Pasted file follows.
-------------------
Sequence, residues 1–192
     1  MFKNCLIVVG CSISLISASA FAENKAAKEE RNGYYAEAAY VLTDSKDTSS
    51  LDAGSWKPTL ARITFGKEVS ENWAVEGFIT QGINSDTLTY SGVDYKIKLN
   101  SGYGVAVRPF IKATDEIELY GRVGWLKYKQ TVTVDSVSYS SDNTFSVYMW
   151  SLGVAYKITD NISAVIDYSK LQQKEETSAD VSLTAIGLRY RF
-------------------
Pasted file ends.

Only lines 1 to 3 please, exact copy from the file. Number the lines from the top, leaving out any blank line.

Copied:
Sequence, residues 1–192
     1  MFKNCLIVVG CSISLISASA FAENKAAKEE RNGYYAEAAY VLTDSKDTSS
    51  LDAGSWKPTL ARITFGKEVS ENWAVEGFIT QGINSDTLTY SGVDYKIKLN